This account is written by Kenneth O. Kurtenbach, generally known by the men of the camp as "Kurt" during the period of time from December of 1942 until the end of the war in May of 1945. I had been Camp Leader, also known as Man of Confidence, and by the 5ermans as Hauptvertrauenzmann or "Head Trusted Man" from mid-July of 1943 at Stalag VII-A at Moosburq, Bavaria, through the move to Stalag XVII-B at Krems, Austria, on the Danube River in mid-October of 1943.

Approximately the middle of March, 1945, the German armies had retreated before the oncoming Russians to within a few kilometers east of Vienna, in an area known as the “Gates of Vienna”, a series of hills east of Vienna where the German lines had momentarily stiffened and fierce fighting was raging in defense of "Der Vaterland”.

During the last week of March the authorities of the prison camp, both the officers of the Luftwaffe and the Wehrmacht, informed me that it appeared necessary that all prisoners capable of walking would be moved eastward to "safety" away from the Russians and the dangers of the front line fighting. They stated there would be no transports available for those soldiers unable to walk with the regular column and therefore those men would, of necessity, be left behind to await what¬ever the fortunes of war would bring them.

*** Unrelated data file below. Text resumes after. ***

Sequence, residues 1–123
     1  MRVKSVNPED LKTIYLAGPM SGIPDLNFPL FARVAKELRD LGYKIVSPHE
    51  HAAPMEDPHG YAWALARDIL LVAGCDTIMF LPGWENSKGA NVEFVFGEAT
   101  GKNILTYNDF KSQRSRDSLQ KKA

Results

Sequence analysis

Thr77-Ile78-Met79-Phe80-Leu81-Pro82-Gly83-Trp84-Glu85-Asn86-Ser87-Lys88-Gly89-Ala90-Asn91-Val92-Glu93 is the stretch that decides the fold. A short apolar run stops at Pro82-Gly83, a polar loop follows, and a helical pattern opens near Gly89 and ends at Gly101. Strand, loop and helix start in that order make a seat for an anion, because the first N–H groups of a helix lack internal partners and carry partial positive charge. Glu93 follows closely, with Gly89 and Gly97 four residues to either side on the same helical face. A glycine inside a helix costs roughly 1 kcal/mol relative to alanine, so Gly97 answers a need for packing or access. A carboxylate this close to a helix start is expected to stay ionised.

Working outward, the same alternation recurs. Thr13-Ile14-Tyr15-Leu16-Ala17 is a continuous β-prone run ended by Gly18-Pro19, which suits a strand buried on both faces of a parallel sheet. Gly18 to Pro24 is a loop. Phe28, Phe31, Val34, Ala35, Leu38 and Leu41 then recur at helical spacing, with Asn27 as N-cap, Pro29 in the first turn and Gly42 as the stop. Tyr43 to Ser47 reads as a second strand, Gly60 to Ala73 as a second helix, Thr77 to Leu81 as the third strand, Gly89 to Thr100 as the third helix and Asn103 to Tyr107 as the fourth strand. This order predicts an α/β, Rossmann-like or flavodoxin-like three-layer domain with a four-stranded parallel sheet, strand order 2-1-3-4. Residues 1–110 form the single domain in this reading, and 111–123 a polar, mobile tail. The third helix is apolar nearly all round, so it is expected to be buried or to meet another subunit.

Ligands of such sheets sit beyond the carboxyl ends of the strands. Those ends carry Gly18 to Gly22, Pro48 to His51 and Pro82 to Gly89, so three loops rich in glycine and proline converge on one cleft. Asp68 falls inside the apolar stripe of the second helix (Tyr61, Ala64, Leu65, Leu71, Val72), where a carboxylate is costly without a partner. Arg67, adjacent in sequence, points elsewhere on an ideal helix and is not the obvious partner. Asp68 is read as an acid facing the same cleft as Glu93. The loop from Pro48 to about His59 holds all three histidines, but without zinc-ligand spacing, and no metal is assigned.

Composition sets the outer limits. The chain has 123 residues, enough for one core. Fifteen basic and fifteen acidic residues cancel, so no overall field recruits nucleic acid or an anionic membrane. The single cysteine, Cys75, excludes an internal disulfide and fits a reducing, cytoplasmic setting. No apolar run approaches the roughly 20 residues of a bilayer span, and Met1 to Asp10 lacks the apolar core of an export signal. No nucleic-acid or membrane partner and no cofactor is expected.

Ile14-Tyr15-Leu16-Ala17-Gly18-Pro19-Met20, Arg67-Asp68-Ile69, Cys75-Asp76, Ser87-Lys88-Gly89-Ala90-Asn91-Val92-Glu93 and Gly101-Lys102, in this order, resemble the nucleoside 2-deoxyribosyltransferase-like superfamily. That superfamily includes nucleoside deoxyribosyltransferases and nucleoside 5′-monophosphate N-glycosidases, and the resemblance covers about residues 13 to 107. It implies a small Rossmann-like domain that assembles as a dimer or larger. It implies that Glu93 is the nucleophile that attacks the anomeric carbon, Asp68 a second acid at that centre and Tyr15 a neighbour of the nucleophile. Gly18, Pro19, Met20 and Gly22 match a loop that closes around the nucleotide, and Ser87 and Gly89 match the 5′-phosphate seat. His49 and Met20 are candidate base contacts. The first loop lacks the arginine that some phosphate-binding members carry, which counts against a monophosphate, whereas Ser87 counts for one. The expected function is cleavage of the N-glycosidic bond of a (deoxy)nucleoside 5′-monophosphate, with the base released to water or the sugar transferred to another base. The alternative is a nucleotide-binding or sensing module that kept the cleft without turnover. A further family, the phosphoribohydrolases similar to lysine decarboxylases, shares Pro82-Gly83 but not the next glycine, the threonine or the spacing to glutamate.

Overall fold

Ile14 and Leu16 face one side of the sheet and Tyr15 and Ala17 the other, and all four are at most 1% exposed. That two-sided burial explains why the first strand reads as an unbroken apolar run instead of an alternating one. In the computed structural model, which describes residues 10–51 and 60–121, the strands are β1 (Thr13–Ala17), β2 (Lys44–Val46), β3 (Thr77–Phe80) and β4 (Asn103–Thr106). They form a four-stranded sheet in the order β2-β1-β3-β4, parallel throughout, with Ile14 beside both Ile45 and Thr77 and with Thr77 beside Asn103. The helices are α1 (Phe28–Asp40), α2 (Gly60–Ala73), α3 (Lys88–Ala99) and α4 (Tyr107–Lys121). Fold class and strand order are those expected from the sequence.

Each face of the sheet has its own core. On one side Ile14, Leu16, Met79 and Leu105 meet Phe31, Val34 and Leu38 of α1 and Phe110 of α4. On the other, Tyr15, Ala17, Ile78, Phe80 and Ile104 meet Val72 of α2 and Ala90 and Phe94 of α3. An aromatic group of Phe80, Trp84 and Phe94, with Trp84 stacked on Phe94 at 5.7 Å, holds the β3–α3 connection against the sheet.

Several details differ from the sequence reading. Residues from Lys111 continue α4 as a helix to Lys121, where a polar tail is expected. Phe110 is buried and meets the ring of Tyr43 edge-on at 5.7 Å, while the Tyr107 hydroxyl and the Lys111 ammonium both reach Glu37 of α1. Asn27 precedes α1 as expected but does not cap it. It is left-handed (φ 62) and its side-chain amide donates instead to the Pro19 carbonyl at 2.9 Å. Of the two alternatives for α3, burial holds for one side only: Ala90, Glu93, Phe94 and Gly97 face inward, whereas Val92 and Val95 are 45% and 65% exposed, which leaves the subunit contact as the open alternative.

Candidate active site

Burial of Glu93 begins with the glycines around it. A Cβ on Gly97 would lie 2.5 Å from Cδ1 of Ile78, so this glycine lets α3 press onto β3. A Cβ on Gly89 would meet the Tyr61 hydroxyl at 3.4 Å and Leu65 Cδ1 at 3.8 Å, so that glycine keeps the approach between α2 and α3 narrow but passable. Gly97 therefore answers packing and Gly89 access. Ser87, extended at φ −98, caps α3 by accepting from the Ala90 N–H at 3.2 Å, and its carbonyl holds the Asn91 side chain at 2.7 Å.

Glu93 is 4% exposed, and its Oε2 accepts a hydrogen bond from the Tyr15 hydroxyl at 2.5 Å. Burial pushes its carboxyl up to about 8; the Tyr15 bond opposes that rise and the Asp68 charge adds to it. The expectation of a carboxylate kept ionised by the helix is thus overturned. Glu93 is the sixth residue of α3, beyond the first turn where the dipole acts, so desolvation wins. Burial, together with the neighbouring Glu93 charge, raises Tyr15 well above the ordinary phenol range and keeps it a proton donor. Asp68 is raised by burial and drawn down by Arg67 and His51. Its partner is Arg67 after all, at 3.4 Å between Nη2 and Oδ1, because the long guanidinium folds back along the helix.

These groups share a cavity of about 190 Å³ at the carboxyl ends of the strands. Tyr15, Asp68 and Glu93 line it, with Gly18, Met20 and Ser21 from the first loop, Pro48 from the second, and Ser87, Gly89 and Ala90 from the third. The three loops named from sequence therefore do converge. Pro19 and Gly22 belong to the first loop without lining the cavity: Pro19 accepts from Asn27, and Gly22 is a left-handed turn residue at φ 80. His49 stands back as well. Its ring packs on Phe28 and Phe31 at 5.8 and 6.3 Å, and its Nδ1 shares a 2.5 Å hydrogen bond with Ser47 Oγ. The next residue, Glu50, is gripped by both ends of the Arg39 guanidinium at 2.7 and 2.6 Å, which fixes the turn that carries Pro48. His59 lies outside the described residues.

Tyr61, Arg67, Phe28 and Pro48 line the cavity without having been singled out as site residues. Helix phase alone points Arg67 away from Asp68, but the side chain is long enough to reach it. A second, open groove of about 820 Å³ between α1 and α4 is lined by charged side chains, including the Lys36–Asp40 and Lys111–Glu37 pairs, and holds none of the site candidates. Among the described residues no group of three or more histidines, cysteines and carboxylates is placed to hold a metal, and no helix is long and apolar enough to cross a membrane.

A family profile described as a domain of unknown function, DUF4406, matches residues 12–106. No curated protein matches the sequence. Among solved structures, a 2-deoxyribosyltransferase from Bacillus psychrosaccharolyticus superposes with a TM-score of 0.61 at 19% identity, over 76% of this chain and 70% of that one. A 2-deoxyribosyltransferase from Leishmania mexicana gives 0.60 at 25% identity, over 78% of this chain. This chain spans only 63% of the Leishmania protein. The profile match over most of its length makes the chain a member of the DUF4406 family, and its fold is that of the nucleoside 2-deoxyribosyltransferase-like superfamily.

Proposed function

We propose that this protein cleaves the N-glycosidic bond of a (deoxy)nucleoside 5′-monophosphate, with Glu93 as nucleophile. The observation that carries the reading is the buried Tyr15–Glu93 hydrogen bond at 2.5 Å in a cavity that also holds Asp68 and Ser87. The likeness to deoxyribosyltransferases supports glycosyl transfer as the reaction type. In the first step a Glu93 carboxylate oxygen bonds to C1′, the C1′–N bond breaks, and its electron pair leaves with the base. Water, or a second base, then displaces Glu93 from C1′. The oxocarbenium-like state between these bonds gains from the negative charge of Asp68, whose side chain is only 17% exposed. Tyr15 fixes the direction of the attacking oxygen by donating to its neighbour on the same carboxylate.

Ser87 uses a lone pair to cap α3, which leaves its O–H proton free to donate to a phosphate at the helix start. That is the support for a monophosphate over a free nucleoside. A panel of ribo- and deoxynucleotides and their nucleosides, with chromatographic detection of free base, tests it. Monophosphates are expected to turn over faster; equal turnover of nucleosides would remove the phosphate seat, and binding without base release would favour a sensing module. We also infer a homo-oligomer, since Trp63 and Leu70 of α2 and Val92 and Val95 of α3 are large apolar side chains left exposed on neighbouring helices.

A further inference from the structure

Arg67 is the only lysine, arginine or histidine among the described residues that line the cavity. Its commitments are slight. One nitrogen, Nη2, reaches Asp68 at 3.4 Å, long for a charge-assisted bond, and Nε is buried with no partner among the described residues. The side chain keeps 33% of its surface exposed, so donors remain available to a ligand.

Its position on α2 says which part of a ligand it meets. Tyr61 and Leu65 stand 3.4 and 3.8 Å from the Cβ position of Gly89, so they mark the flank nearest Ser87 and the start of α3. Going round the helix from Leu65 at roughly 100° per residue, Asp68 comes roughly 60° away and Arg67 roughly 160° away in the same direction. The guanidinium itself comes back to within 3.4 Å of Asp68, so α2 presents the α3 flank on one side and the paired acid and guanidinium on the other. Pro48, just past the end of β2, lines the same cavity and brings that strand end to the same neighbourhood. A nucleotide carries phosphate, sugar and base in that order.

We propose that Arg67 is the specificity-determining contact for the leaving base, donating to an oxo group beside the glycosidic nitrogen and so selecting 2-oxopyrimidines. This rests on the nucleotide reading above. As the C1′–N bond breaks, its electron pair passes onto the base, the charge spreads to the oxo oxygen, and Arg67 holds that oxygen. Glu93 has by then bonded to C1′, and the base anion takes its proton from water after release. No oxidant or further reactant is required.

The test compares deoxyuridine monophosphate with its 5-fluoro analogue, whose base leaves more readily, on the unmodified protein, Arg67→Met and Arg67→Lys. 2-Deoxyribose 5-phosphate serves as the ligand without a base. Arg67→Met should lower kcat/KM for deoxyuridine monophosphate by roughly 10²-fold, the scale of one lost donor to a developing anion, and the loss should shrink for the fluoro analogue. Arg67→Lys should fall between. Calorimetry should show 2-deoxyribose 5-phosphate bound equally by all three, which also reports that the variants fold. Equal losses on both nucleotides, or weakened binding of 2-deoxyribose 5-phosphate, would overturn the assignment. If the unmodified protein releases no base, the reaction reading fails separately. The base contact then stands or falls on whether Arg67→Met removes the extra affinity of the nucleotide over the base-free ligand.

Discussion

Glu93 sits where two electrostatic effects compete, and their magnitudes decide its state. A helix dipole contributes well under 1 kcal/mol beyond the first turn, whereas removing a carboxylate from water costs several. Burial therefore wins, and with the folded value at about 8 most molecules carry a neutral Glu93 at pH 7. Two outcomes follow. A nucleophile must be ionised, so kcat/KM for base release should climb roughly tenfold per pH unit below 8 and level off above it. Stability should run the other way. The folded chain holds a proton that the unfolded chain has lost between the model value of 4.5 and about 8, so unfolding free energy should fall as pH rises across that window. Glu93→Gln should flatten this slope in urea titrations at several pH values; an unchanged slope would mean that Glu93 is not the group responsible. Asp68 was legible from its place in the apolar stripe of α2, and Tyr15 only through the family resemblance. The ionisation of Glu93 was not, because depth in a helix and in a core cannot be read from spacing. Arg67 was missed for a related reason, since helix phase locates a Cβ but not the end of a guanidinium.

The stiffening and holding of the line east of Vienna had been entrusted by Hitler to General Sepp Dietrich, a brilliant tactician who had held the Russian onslaught at various points on the retreat of the Germans from Russia for the prior year-and-one half westward from Stalingrad and Leningrad.

For several nights prior to the main camp being marched out the eastern horizon resembled sheet lightning from the many artillery duels between the two opposing forces, situated perhaps 100 kilometers to the east from the camp.

The day prior to the data selected by the Germans for the march those men determined by a joint committee of primarily Austrian doctors and the American doctors, headed by Major Fred Beaumont, to be unable to make the march were placed in the two buildings comprising the revier, or infirmary in the main camp. These men were those with wounds incurred during their combat time, still debilitating, men with legs none or badly wounded, blindness, or other conditions that made them unfit for the horrendous conditions they would probably encounter on a forced march of this nature.